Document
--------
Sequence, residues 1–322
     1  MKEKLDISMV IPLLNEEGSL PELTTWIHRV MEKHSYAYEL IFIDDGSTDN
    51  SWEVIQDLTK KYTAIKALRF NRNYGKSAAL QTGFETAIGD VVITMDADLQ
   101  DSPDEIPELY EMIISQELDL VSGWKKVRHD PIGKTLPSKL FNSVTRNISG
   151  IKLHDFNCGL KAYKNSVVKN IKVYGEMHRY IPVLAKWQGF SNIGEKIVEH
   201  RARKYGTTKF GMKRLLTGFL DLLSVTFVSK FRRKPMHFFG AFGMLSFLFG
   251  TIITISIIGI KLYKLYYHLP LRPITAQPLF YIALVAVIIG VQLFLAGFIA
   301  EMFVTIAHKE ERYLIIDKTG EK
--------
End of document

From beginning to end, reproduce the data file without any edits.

Sequence, residues 1–322
     1  MKEKLDISMV IPLLNEEGSL PELTTWIHRV MEKHSYAYEL IFIDDGSTDN
    51  SWEVIQDLTK KYTAIKALRF NRNYGKSAAL QTGFETAIGD VVITMDADLQ
   101  DSPDEIPELY EMIISQELDL VSGWKKVRHD PIGKTLPSKL FNSVTRNISG
   151  IKLHDFNCGL KAYKNSVVKN IKVYGEMHRY IPVLAKWQGF SNIGEKIVEH
   201  RARKYGTTKF GMKRLLTGFL DLLSVTFVSK FRRKPMHFFG AFGMLSFLFG
   251  TIITISIIGI KLYKLYYHLP LRPITAQPLF YIALVAVIIG VQLFLAGFIA
   301  EMFVTIAHKE ERYLIIDKTG EK